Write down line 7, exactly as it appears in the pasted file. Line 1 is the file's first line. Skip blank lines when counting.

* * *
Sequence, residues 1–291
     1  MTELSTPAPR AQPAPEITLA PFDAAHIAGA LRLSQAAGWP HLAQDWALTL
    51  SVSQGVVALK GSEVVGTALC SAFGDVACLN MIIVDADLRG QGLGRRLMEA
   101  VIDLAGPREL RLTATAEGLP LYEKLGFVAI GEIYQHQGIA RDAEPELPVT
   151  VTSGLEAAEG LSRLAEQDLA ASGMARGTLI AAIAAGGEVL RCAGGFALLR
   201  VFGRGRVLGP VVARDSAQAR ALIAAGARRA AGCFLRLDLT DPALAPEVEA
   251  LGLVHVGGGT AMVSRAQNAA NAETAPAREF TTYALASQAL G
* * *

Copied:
   251  LGLVHVGGGT AMVSRAQNAA NAETAPAREF TTYALASQAL G